The present invention significantly reduces or completely removes the deleterious effect of pin-cushion distortion and greatly enhances linearization of the output signals, when compared with my co-pending U.S. application Ser. No. 10/916,759 published as US 2005/0041018 A1. In U.S. Ser. No. 10/916,759 published as US 2005/0041018 A1, the presence of conductive elements in the sensing region coupled to both bus bars cause the voltage gradients to pull the signal to opposing corners. When the sensing region is not galvanically coupled from one bus bar to the other, as in the present invention, the voltage gradients remain uniform and undistorted. Capacitive coupling from one side to the other does not produce a distortion component provided the capacitance is allowed to fully charge and discharge across all locations in the sensing region.
The present invention also provides a touch sensitive position sensor for detecting the position of an object in two dimensions, wherein the position sensor has first and second resistive bus-bars separated by a sensing area, the sensing area comprising multiple interleavings of conductive material arranged between the bus-bars such that the interleavings are connected to one or the other bus-bar but not both, so that induced electric currents flow preferentially towards the bus-bars, the bus-bars being galvanically isolated from each other within the sensing area.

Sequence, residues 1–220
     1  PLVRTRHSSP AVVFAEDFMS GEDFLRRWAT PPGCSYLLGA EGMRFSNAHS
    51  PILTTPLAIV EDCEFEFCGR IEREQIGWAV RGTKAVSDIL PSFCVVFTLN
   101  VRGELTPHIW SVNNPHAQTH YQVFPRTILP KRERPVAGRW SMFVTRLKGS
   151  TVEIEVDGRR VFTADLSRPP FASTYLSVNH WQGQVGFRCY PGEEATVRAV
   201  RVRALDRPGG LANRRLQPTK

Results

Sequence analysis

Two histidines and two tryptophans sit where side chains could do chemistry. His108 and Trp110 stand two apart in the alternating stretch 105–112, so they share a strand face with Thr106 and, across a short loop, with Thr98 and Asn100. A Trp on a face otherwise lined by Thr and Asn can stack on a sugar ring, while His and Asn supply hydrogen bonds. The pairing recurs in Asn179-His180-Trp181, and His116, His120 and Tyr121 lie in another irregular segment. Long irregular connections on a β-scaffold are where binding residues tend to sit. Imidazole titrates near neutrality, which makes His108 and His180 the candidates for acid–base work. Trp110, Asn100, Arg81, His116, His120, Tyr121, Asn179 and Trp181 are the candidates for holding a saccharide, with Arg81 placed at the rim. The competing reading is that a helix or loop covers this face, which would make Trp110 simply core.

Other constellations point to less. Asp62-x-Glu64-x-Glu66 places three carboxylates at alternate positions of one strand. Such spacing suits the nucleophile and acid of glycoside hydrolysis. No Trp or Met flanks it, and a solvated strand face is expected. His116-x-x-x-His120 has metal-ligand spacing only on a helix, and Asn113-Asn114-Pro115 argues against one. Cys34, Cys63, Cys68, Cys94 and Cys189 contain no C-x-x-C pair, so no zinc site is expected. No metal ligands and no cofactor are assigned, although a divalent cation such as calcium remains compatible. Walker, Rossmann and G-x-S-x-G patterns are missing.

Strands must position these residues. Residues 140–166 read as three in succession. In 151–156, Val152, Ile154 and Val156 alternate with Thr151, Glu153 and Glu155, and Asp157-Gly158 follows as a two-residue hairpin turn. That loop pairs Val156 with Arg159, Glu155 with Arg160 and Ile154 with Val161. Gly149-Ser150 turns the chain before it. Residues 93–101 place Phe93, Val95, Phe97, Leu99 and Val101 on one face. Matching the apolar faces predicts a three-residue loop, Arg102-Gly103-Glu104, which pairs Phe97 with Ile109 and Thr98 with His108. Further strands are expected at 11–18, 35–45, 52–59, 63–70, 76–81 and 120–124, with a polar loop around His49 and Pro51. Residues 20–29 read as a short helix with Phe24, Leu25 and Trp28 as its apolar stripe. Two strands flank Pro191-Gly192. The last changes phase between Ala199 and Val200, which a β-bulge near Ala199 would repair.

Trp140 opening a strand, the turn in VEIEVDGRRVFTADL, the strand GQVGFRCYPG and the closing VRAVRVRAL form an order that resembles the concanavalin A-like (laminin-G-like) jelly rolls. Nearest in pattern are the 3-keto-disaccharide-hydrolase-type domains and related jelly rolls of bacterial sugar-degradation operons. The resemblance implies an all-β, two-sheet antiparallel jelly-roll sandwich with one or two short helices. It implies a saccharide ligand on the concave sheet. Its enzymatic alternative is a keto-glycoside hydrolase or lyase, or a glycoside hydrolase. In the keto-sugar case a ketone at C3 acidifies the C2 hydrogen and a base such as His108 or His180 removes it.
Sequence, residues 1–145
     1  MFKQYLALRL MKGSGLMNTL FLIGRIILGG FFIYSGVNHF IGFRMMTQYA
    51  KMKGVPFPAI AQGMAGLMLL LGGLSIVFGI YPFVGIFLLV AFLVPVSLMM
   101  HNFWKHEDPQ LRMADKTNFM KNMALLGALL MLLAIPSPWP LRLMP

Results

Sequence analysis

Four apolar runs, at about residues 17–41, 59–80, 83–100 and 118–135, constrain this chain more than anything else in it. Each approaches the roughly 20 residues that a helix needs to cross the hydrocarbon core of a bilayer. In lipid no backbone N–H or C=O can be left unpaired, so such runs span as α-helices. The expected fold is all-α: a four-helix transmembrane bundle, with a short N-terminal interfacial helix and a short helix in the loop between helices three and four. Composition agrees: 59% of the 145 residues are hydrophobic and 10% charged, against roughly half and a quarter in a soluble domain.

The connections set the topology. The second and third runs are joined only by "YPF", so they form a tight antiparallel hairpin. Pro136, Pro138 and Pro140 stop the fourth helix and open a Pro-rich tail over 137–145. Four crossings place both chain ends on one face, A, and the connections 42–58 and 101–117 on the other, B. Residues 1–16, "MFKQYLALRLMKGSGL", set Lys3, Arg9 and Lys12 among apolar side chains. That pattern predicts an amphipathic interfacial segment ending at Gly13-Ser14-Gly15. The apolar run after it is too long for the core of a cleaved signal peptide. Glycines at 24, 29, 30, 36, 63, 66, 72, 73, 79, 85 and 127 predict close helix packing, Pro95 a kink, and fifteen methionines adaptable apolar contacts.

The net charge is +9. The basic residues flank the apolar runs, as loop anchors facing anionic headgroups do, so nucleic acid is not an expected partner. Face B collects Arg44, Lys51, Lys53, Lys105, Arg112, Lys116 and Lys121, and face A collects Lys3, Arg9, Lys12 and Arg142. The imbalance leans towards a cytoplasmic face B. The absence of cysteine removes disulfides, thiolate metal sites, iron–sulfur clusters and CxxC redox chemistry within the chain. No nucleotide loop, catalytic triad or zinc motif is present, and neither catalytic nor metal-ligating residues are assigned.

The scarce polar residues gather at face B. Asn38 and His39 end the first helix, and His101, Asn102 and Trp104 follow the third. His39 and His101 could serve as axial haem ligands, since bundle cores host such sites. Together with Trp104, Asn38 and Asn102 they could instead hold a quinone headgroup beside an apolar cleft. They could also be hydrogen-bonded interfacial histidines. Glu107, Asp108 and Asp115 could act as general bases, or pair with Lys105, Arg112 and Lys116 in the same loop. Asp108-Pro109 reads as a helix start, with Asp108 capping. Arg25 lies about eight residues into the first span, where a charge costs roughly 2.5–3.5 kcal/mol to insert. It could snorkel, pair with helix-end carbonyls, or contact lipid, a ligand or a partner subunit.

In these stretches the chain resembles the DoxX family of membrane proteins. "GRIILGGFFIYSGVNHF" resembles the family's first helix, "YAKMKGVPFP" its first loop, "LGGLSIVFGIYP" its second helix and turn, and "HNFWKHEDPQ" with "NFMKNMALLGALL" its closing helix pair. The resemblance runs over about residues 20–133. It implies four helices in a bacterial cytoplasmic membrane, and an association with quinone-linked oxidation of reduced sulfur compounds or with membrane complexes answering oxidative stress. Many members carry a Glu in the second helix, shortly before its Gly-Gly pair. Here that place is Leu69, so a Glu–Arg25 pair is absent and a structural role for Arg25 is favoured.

Unless otherwise noted hereinafter, the terms ‘connection(s)’ or ‘connected’ refer to either galvanic contact or capacitive coupling. ‘Element’ refers to the physical electrical sensing element made of conductive substances. ‘Electrode’ refers to one of the galvanic connection points made to the element to connect it to suitable driver/sensor electronics. The terms ‘object’ and ‘finger’ are used synonymously in reference to either an inanimate object such as a wiper or pointer or stylus, or alternatively a human finger or other appendage, any of whose presence adjacent the element will create a localized capacitive coupling from a region of the element back to a circuit reference via any circuitous path, whether galvanically or non-galvanically. The term ‘touch’ includes either physical contact between an object and the element, or, proximity in free space between object and element, or physical contact between object and a dielectric (such as glass) existing between object and element, or, proximity in free space including an intervening layer of dielectric existing between object and element. The mention of specific circuit parameters, or orientation is not to be taken as limiting to the invention, as a wide range of parameters is possible using no or slight changes to the circuitry or algorithms; specific parameters and orientation are mentioned only for explanatory purposes. Note my prior patents covering charge-transfer capacitive sensing, particularly U.S. Pat. No. 5,730,165, U.S. Pat. No. 6,288,707, U.S. Pat. No. 6,466,036, U.S. Pat. No. 6,535,200, U.S. Pat. No. 7,148,704 and my co-pending U.S. application Ser. No. 10/916,759 published as US 2005/0041018 A1. In particular it should be noted that the electronic sensing circuitry and methods described in each of these patents can be used in conjunction with the invention described herein, but, these methods are not the only ones. A variety of capacitive sensing circuits can be used with the invention. Various electrical circuits and sensing methods described in these patents can be employed to drive the electrodes of the invention and to interpret the results.
It is one object of the invention to provide a 2DxT sensing element using common, inexpensive materials and production processes, with anisotropic galvanic conduction characteristics.